The New York Times yesterday ran an article about several transgender political candidates running in various parts of the country.
It's interesting to note how many such candidates there are.
Are transgender people finally entering the political life of our nation, and not hiding in the shadows?
Well, this is only a handful of people, so I wouldn't go so far, but it is a harbinger of things to come. At this point, I would say that most trans people are severely marginalized, but there is some light peeping through the clouds.
The tone of the Times article suggests that trans political candidates are more of a curiosity than anything else. As Dr. Johnson said of women preachers: "like a dog standing on its hind legs, it does not matter that they do it well, but that they do it at all."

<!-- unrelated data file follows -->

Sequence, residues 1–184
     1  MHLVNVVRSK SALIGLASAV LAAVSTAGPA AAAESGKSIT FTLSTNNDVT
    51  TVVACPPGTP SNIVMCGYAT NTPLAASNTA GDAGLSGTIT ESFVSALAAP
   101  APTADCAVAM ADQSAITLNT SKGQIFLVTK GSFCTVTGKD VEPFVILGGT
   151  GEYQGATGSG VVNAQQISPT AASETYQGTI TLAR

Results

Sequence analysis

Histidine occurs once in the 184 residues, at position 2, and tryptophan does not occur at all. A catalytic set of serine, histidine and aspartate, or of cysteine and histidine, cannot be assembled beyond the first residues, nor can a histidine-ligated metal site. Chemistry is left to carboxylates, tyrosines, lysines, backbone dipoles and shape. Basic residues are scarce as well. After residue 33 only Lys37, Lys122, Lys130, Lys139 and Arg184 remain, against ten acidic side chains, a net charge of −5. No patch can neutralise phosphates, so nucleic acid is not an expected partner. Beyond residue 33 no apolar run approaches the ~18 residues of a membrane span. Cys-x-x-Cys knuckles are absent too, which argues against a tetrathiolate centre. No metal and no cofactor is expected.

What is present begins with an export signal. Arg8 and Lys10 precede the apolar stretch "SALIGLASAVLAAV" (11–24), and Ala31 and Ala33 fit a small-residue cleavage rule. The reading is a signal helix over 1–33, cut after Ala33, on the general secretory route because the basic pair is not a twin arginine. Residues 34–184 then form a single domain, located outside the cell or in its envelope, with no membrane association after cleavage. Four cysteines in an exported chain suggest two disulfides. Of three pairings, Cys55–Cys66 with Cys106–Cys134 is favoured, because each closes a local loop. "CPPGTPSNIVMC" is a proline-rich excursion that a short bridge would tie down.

The title of the article is "Advocates Hope Transgender Identity Is Not a Defining One"
Thus, "hope" is what they have, but not about winning, but about whether they are seen as candidates at all, rather than sexual minorities.
But that is not what sets Ms. Sparks apart; it is her past. Until a decade ago, Ms. Sparks was a man, before a gender reassignment surgery. And while her sex may have changed, her politics did not.
And, as their lead in the story, it notes she used to run a sex toy company, is twice-divorced and had electroshock therapy. But lest you think they are saying she is a mere curiosity, it goes out of its way to say this:
And unlike in years past, when such candidates were often considered mere curiosities, several are within striking distance of historic victories...That said, the number of transgender candidates is still small, and often unsuccessful.
They say any publicity is good publicity. And there's no question we're making strides. And being noticed by the Grey Lady is praise indeed. Isn't it?